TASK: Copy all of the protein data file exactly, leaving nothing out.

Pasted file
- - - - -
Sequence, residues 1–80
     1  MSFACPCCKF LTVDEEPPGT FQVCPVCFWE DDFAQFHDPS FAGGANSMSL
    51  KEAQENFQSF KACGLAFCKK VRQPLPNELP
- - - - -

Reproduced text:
Sequence, residues 1–80
     1  MSFACPCCKF LTVDEEPPGT FQVCPVCFWE DDFAQFHDPS FAGGANSMSL
    51  KEAQENFQSF KACGLAFCKK VRQPLPNELP